Many people criticize the LCBO, but I love how they are able to bring in beers from all over the world. For instance, this week I came home from the LCBO with a couple of beers from Renaissance Brewing of New Zealand. It’s the second New Zealand beer I have had this year.
Renaissance Brewing started in 2005 when two Californian brewers took out a lease on a building known as Grove Mill which is the oldest commercial building in Blenheim, a town located on the top of New Zealand’s south island. The town is in the middle of wine country and the Old Mill has been an ice cream factory, a malt house, and twice been home to Marlborough wineries (Grove Mill and Whitehaven). Now it is a craft brewery.
But the company couldn’t start producing beer until 2006 as there was a delay in getting the bottling machine they ordered from Italy. The reason? The suppliers took six weeks off due to celebrations of Italy’s soccer team winning the World Cup. In 2009, they started exporting their beer to their very close neighbor, Australia. Today though, Canada is the largest exporter of Renaissance beer, with Australia being second. Next year the company is looking to start shipping it’s beers to Europe and the US. And the beer?
It pours very lively with a deep amber colour with a large but a porous off white head. When the head settles I add some more beer and again lot’s of head springs up. There is lots of aroma here with some noticeable pine notes.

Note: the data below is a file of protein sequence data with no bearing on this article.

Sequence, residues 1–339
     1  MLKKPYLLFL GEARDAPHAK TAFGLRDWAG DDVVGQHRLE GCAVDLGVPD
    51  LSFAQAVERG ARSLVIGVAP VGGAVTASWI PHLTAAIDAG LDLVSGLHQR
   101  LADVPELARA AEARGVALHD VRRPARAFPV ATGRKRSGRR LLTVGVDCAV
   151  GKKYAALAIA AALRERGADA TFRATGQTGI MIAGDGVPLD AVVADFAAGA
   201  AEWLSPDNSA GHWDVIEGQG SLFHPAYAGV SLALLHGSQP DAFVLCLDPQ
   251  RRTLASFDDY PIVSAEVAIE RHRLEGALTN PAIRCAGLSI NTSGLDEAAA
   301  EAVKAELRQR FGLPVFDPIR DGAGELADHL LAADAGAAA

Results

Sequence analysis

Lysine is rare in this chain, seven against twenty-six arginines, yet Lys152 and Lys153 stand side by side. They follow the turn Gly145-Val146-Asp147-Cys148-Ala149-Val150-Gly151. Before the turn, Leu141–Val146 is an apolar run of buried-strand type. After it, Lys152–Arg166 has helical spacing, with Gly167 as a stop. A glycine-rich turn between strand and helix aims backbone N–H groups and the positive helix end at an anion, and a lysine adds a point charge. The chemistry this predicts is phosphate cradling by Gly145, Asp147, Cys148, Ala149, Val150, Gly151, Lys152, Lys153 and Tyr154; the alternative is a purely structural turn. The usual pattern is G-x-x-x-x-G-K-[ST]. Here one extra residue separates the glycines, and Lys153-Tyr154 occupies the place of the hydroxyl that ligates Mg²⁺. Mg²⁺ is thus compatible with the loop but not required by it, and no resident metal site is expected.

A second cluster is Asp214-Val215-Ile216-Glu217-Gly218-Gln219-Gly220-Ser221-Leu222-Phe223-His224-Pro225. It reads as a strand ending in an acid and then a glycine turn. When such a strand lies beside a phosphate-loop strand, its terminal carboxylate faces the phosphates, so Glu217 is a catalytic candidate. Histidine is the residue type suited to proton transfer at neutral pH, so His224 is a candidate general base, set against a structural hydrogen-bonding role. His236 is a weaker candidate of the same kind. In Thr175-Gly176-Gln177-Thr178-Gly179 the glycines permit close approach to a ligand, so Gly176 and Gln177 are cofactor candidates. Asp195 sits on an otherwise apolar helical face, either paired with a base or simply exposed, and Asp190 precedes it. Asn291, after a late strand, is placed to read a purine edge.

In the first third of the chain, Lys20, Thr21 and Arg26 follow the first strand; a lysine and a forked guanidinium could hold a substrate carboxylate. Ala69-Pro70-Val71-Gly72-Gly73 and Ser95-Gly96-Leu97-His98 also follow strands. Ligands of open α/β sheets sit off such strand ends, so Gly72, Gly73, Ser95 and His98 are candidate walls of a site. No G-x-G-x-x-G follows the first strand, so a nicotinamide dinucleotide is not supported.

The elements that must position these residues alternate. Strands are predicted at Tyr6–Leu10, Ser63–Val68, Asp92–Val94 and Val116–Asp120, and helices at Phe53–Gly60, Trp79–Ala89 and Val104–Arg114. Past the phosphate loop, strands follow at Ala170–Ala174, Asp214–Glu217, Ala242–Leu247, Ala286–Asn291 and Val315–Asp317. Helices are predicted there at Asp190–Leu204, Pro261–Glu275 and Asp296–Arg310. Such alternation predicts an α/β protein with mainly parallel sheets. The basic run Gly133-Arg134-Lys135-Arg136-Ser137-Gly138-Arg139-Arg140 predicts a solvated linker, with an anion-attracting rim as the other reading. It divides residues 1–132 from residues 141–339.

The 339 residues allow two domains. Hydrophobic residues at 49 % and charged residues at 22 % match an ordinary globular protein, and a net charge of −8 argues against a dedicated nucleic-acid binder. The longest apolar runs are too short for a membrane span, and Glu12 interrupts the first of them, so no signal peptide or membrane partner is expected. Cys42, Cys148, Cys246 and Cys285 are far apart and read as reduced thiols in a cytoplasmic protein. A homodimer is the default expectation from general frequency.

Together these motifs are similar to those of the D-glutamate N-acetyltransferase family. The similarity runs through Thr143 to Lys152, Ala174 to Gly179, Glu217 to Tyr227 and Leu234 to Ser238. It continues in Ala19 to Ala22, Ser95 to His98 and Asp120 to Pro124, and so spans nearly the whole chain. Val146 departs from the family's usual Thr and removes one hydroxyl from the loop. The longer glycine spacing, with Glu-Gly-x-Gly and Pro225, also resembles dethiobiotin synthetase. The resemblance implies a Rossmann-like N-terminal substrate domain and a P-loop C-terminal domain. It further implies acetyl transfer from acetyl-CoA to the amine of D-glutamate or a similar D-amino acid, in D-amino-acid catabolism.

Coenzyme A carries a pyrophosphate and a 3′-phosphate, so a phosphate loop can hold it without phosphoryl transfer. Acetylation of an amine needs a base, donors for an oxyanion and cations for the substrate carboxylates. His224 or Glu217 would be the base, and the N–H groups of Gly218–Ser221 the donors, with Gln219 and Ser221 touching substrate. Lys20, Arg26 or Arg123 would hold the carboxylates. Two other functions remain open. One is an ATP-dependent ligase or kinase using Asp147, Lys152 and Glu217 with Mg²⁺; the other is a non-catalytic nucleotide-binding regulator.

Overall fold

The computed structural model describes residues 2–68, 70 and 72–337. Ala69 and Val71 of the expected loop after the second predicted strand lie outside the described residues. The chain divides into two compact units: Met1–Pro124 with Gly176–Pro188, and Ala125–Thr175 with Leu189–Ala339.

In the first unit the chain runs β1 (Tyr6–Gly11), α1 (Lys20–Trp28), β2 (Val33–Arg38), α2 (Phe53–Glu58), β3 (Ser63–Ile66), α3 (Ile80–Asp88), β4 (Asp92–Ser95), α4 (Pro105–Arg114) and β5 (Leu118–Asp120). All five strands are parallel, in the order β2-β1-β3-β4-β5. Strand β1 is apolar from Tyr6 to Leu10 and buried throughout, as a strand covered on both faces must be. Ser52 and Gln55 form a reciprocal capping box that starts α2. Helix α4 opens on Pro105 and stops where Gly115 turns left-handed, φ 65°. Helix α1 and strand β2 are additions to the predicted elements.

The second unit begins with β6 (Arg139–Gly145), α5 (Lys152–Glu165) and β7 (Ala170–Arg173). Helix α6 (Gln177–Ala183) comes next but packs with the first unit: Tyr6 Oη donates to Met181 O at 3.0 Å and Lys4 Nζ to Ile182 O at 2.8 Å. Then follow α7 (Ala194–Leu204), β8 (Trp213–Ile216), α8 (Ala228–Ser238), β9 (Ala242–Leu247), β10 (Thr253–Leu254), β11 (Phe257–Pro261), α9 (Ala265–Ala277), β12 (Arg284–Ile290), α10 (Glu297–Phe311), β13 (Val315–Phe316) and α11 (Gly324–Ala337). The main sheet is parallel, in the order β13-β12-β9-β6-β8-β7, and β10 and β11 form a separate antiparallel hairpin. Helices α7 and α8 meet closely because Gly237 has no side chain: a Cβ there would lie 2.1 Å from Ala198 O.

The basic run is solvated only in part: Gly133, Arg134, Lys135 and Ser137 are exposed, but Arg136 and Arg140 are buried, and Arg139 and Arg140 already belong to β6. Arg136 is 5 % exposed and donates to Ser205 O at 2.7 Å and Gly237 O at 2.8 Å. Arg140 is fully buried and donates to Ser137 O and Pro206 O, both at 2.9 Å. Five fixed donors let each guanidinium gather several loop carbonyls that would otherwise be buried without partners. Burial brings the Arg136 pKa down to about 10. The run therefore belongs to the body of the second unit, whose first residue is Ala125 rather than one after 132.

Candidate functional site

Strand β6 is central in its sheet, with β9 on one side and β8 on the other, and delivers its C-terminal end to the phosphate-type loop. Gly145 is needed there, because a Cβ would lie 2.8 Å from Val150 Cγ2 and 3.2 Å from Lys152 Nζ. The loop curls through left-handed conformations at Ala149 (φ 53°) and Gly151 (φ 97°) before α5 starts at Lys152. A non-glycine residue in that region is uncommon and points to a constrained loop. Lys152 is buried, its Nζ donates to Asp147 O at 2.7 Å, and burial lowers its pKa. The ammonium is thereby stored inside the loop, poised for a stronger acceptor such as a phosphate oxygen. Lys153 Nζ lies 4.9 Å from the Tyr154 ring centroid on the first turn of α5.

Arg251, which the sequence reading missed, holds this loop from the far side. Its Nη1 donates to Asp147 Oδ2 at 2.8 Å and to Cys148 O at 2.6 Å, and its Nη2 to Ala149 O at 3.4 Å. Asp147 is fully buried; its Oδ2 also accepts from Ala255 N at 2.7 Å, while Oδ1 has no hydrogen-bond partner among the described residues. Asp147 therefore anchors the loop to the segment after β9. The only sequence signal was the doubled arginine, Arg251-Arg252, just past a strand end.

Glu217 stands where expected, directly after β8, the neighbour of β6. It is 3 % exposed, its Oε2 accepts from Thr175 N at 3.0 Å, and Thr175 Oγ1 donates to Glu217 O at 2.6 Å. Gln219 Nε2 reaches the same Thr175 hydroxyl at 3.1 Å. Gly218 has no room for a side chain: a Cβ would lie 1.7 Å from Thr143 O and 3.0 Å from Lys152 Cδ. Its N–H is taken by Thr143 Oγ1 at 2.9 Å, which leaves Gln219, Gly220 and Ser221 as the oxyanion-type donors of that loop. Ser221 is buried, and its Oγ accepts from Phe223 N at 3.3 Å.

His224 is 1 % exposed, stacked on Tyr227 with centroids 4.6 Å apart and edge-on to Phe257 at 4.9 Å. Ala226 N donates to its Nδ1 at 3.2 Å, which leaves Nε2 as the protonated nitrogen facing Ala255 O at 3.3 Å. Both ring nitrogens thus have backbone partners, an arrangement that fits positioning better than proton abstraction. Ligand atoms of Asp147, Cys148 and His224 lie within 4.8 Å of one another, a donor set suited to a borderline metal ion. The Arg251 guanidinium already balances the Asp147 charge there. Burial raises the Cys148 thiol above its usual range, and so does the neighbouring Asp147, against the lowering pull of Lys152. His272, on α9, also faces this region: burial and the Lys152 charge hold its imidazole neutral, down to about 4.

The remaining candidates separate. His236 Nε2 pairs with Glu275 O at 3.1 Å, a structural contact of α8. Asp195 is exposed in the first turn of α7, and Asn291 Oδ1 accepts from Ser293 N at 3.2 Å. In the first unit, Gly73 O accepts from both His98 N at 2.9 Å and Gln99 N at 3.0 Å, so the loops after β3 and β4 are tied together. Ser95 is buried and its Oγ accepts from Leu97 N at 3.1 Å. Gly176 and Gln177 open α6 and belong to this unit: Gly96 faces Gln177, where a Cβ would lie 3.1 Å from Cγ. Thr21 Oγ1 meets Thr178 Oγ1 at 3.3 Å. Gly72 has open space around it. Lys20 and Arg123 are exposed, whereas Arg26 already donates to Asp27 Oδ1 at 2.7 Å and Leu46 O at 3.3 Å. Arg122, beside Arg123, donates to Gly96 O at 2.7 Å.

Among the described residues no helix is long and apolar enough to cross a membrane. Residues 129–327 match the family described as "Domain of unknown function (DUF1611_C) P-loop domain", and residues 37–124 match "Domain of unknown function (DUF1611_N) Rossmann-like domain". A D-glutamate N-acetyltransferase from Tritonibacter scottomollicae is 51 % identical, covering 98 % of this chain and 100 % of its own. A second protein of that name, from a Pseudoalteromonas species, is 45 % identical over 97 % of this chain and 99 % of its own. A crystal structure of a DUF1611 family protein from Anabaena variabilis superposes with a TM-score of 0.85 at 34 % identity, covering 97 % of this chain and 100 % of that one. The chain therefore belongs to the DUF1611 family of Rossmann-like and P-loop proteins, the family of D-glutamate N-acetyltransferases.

The beer seems over carbonated. It has the consistency of a sparkling wine, but without the bubbles leaping from the glass. There is a sweetness to the start and again it seems like bubbles in the mouthfeel, and finishes with a long, slightly piney finish.
I am quite disappointed in this beer. It’s like drinking air and a waste of the $5.65 I spent one bottle. Hopefully the American Pale Ale will be much better.
This is a completely different pour as I had a very hard time getting a head on this. It is perhaps a shade lighter than the Indian Pale Ale, but lot’s of lacings are left behind as I sip. There is a slight hint of citrus in the aroma.
I was expecting something bolder, hoppier and more in you face, but instead found this to be a pleasant, lighter tasting ale. It starts a little watery in mouthfeel, with very little flavour and then the citrusy bitterness comes crashing in nicely in the lingering finish.
This is a very nice beer but pricy at $5.65 for a 500 ml bottle. Otherwise I would have this again!
Beer of the Week Stats
Beers Profiled 214